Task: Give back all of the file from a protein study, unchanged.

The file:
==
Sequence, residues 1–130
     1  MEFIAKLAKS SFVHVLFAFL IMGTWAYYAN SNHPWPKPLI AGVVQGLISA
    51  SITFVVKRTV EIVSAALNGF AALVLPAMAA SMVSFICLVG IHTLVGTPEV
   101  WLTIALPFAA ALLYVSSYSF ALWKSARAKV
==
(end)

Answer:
Sequence, residues 1–130
     1  MEFIAKLAKS SFVHVLFAFL IMGTWAYYAN SNHPWPKPLI AGVVQGLISA
    51  SITFVVKRTV EIVSAALNGF AALVLPAMAA SMVSFICLVG IHTLVGTPEV
   101  WLTIALPFAA ALLYVSSYSF ALWKSARAKV